One lesson in litter lasts lifetime
I remember the day as though it occurred a few hours ago rather an 41 years ago. My mama made me wait in the car while she ran into the grocery in our little town to pick up some milk and bread.
She had picked me up from school and arrived with the usual soda and peanut butter crackers. (We called them nabs in the Mississippi town I came from).
Our town, Noxapater, was a central street of businesses — a post office, a couple of grocery stores, a bank, bait shop, barbershop and general merchndise store.
Everyone shopped at home, although the nearest city was Louisville, 12 miles away. Mom went there for the “big stuff.”
Anyhow, the day was bright. I ate my nabs and slurped the soda. Then, without thinking, I tossed the cellophane wrapper out the car window onto the street. Not two minutes later, someone tapped my elbow as it rested on the door where the window was rolled down.
It was Mrs. Audrey Webb, a middle school history teacher. She was known for her travels around the world. She also was known for her strict classroom.
She looked me dead in the eye over her bifocals. “I had to do something for you just now,” she said sternly.
“Yes ma’am,” I answered, without a clue of what she meant.
“I’m ashamed of you,” she added. “I thought you were a nicer person than this. Hold out your hand.”
I did. She placed the rolled up wrapper in it.
“Go put it where it belongs,” she commanded.
I did, hanging my head on the short trip to the garbage can outside the grocery and back to the car.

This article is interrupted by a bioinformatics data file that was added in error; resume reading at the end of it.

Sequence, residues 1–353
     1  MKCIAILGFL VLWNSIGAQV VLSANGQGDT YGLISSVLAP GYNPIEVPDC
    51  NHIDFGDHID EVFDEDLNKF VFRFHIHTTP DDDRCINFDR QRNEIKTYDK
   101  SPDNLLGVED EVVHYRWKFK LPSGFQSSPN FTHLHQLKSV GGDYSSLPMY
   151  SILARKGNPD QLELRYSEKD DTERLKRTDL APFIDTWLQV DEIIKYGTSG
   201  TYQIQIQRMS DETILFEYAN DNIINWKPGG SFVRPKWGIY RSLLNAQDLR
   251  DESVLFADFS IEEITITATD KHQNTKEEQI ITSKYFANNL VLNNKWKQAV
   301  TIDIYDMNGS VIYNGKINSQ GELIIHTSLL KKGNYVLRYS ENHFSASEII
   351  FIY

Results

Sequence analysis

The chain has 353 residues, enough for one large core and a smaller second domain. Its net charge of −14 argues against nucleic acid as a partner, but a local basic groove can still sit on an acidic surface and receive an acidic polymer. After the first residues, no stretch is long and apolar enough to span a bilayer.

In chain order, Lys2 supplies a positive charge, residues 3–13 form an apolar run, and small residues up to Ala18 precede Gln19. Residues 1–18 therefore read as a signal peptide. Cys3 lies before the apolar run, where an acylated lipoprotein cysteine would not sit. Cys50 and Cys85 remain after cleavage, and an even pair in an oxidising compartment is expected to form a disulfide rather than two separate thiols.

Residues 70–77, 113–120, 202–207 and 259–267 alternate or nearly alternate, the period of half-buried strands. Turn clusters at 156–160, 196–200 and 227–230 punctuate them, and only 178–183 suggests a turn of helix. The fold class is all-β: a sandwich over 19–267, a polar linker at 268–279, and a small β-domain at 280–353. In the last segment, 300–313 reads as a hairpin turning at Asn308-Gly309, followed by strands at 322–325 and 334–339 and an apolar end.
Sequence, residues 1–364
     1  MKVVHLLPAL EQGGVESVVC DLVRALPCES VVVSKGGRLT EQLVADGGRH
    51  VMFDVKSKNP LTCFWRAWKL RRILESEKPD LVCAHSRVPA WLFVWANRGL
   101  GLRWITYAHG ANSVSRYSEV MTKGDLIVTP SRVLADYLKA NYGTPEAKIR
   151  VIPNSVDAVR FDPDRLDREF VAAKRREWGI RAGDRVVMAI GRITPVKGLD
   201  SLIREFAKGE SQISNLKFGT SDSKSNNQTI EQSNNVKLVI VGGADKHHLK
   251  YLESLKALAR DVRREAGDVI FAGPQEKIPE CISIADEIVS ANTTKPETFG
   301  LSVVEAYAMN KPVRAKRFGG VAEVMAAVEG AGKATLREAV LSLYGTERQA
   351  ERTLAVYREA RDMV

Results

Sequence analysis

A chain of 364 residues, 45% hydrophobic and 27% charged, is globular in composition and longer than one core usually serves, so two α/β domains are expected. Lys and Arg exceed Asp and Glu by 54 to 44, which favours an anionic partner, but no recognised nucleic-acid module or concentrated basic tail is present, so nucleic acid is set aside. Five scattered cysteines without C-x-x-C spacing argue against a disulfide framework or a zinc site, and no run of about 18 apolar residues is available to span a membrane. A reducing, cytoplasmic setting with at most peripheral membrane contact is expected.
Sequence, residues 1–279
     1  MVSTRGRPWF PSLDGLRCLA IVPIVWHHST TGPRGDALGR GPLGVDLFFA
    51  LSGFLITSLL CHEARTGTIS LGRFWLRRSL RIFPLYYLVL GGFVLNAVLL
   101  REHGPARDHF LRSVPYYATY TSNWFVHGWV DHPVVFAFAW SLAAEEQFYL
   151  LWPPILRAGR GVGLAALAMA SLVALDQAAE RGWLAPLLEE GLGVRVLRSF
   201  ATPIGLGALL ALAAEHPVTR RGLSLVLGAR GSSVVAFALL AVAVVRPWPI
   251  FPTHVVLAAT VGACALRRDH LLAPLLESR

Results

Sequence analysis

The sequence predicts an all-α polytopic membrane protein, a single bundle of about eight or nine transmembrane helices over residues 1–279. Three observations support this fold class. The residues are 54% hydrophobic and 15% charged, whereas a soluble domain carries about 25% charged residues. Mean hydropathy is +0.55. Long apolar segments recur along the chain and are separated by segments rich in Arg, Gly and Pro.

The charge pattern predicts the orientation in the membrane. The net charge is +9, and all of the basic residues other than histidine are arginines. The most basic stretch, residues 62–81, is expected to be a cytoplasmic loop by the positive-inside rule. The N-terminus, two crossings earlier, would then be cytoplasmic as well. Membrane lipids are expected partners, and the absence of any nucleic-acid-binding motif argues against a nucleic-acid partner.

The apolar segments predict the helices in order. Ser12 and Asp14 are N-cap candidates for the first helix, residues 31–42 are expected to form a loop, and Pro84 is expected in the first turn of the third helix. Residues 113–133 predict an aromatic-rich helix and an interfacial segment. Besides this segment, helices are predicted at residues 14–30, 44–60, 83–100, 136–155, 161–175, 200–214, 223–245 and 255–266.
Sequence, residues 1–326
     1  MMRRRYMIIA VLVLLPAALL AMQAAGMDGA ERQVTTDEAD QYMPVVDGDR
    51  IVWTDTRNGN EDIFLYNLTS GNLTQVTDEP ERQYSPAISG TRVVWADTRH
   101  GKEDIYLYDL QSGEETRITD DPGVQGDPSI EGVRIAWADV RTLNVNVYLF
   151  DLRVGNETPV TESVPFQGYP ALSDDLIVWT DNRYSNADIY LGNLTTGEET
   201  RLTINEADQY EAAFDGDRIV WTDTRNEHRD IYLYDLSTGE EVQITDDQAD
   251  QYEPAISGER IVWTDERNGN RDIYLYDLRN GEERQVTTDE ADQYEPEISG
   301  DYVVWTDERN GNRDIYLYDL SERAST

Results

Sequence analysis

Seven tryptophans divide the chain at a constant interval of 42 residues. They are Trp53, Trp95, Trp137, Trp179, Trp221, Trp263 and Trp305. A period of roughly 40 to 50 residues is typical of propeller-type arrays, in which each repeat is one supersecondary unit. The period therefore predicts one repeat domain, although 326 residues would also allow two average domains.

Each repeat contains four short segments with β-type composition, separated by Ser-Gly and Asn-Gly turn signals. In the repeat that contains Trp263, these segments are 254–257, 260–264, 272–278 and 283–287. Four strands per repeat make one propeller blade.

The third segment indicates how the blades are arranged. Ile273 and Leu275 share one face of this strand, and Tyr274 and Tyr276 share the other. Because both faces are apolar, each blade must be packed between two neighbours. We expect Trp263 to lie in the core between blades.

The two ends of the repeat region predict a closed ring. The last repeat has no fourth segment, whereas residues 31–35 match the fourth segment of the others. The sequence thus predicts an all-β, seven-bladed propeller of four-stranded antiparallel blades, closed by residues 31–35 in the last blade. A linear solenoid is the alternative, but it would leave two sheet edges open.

Mrs. Webb never said another word. She never had to. Everytime I think about tossing something away without a receptacle nearby or see someone dump some refuse out of their car windows, I shutter.
I look around Selma and see there aren’t a whole lot of Mrs. Webbs around. If there were, we wouldn’t have half the litter we have on our streets, yards and rights of way.
Tuesday night, the Selma City Council talked a lot about teaching children, who would help their parents remember to keep litter picked up. Every time the subject comes up, I hear Mrs. Webb’s, “I thought you were a nicer person.”
A lot of things make up litter. There’s the throwing stuff out the windows; the cigarette butts tossed on a sidewalk or into the street; the old newspapers left in a driveway; the junk left at the side of a country road or under a bridge.
One of Mayor George Evans’ key campaign promises was to clean up the city of Selma. As much as we think Evans is a good guy, he’s no super hero. He can’t do it alone.
At one point, Councilwoman Susan Keith brought up the idea of recycling. Now, that’s a good idea because it makes us consider what we’re using, how much garbage we’re generating and how we’re disposing of it.
We need to pitch in. If we see litter, we need to stop and pick it up.
And if we see someone littering, maybe a gentle nudge like Mrs. Webbs’ will help someone remember for a lifetime.
It’s all up to us.